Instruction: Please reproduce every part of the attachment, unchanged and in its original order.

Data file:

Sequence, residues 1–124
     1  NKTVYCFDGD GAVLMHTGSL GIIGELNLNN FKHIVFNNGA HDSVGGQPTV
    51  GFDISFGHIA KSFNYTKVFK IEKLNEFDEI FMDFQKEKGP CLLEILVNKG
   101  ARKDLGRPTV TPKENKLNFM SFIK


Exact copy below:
Sequence, residues 1–124
     1  NKTVYCFDGD GAVLMHTGSL GIIGELNLNN FKHIVFNNGA HDSVGGQPTV
    51  GFDISFGHIA KSFNYTKVFK IEKLNEFDEI FMDFQKEKGP CLLEILVNKG
   101  ARKDLGRPTV TPKENKLNFM SFIK